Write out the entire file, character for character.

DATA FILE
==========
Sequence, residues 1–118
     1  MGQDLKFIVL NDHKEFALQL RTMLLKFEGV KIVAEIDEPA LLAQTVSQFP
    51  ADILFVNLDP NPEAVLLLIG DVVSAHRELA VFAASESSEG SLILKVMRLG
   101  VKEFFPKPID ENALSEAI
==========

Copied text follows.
Sequence, residues 1–118
     1  MGQDLKFIVL NDHKEFALQL RTMLLKFEGV KIVAEIDEPA LLAQTVSQFP
    51  ADILFVNLDP NPEAVLLLIG DVVSAHRELA VFAASESSEG SLILKVMRLG
   101  VKEFFPKPID ENALSEAI